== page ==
OSHA Interpretation: 10/01/1998
Powered Platforms; Suspension height limits for transportable outriggers
OSHA requirements are set by statute, standards and regulations. Our interpretation letters explain these requirements and how they apply to particular circumstances, but they cannot create additional employer obligations. This letter constitutes OSHA's interpretation of the requirements discussed. Note that our enforcement guidance may be affected by changes to OSHA rules. Also, from time to time we update our guidance in response to new information. To keep apprised of such developments, you can consult OSHA's website at http://www.osha.gov.
October 1, 1998
Mr. Thomas J. O'Shea PE
Entek Engineering, LLP
Troy, New York 12180
Dear Mr. O'Shea:
This is in response to your letter of July 7, requesting compliance assistance from the Occupational Safety and Health Administration (OSHA) regarding the Powered platforms for building maintenance standard 29 CFR 1910.66. We regret the delay in responding to your inquiry.
Your letter indicated that a building owner desires to clean the windows of a multistory building by using powered platforms in accordance with 1910.66. The design of the building precludes the launching of the powered platform from the uppermost level. Therefore, it is necessary to ground rig the platform from lower levels to structural outriggers at the top. The building has some facades that will have to be rigged at heights up to 346 feet.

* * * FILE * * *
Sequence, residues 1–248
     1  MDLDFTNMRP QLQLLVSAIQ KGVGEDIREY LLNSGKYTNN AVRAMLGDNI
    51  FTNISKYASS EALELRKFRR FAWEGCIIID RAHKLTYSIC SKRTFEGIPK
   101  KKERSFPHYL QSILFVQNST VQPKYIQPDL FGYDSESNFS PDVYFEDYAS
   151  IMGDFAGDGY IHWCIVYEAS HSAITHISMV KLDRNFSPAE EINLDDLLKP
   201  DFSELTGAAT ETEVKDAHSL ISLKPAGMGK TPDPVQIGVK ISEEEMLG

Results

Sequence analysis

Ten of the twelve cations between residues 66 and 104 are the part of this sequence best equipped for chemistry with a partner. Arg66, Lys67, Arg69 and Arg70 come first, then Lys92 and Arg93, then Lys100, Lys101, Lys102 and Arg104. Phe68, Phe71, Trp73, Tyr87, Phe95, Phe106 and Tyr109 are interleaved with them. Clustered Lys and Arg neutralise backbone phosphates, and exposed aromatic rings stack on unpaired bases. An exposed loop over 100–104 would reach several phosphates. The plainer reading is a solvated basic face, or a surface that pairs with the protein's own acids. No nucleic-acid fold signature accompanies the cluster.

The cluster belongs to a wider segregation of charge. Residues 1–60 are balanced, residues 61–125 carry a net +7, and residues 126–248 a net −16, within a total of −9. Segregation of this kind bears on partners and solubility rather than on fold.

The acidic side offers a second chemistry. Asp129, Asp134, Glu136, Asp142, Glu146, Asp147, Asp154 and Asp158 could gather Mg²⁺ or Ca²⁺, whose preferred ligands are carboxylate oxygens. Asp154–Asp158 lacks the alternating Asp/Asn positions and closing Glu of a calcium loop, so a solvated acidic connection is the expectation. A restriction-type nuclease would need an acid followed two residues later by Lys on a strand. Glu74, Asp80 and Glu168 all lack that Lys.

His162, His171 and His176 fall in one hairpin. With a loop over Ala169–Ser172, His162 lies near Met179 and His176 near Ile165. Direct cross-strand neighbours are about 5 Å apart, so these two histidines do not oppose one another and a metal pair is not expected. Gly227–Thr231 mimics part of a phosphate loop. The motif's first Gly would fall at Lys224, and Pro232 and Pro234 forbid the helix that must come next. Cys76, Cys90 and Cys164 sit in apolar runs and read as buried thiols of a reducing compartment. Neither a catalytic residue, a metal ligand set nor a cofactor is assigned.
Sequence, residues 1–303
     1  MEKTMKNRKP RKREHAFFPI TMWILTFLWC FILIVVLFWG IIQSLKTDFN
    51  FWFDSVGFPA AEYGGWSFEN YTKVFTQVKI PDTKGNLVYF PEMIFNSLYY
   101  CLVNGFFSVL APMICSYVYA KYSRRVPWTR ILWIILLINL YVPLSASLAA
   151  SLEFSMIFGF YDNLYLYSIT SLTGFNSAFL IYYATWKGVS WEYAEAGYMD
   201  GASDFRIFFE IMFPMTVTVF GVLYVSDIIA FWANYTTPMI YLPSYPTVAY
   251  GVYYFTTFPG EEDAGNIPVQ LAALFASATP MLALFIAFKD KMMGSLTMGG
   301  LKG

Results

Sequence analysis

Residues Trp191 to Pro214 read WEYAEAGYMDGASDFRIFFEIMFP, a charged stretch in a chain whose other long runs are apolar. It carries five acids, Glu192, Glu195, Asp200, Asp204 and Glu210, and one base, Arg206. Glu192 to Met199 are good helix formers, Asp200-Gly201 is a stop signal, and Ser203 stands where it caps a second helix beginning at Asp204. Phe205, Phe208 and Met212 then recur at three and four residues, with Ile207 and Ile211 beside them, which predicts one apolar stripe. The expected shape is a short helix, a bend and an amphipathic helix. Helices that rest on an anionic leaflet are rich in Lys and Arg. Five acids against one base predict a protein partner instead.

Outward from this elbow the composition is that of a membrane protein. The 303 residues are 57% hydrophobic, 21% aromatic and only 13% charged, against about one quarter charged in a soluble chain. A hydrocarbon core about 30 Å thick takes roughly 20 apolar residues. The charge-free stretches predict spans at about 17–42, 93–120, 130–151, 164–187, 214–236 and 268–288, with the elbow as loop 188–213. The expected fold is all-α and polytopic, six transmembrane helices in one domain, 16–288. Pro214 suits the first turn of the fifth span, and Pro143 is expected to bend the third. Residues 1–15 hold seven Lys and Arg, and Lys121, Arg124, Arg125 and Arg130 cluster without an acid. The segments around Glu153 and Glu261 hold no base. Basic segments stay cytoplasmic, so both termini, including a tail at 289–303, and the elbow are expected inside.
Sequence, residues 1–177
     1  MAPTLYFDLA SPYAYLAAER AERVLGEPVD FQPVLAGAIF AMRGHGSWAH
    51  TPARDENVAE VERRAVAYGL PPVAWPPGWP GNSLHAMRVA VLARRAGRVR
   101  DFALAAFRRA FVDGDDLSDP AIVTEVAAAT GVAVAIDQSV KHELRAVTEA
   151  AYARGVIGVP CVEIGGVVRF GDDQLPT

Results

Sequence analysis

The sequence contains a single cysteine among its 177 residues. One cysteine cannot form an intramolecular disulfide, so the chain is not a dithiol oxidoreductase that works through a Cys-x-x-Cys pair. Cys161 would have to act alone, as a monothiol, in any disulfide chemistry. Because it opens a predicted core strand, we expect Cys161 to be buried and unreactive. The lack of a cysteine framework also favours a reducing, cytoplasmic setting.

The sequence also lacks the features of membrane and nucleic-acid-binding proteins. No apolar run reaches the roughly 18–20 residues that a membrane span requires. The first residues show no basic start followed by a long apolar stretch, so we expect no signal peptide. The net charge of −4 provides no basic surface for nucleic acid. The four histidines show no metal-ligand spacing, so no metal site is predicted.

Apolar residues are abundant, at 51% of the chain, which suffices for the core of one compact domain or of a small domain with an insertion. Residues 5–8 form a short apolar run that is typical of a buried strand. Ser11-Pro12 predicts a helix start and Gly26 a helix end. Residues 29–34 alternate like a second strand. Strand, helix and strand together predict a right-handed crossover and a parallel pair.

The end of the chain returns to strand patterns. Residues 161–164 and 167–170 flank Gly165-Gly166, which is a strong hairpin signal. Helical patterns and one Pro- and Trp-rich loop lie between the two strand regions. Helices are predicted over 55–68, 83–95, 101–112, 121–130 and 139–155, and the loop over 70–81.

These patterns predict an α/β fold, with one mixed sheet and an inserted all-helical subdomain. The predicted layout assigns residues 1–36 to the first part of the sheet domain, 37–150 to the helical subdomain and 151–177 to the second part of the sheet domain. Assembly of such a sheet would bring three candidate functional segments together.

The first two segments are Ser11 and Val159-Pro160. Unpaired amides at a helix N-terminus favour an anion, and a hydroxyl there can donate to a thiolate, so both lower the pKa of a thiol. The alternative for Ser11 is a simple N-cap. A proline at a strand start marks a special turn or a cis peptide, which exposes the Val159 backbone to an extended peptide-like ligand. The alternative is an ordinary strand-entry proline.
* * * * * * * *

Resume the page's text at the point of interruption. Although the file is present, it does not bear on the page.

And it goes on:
As you are aware, 1910.66(f)(3)(ii)(A) sets suspension height limits for transportable outriggers at 300 feet above a safe surface, and references the tie-in guides in 1910.66(e)(2) of the standard. However, OSHA would consider it a de minimis violation if the building and equipment installation is designed by a registered professional engineer demonstrating that the proposed method of suspension and securing of the powered platform will provide an equal or greater degree of safety for employees than one of the methods specified in the standard; the employer provides some mechanical means, such as mechanical winches, to raise and lower cable, lifelines, and wire rope during rigging installations; powered platforms are not rigged or operated in winds in excess of 25 miles per hour; the facade is provided with curtain wall mullion tracks for platform engagement and stabilization; and all other applicable 1910.66 provisions are met. De minimis violations are violations of standards which have no direct or immediate relationship to safety or health and are not included in citations. When an employer complies with the clear intent of the standard but deviates from its particular requirements in a manner that has no direct or immediate relationship to employee safety and health. These deviations may involve distance specifications.
Thank you for your interest in occupational safety and health. If we can be of further assistance, please contact Wil Epps of my staff at (202) 219-8041.
Richard Fairfax, Acting Director
Directorate of Compliance Programs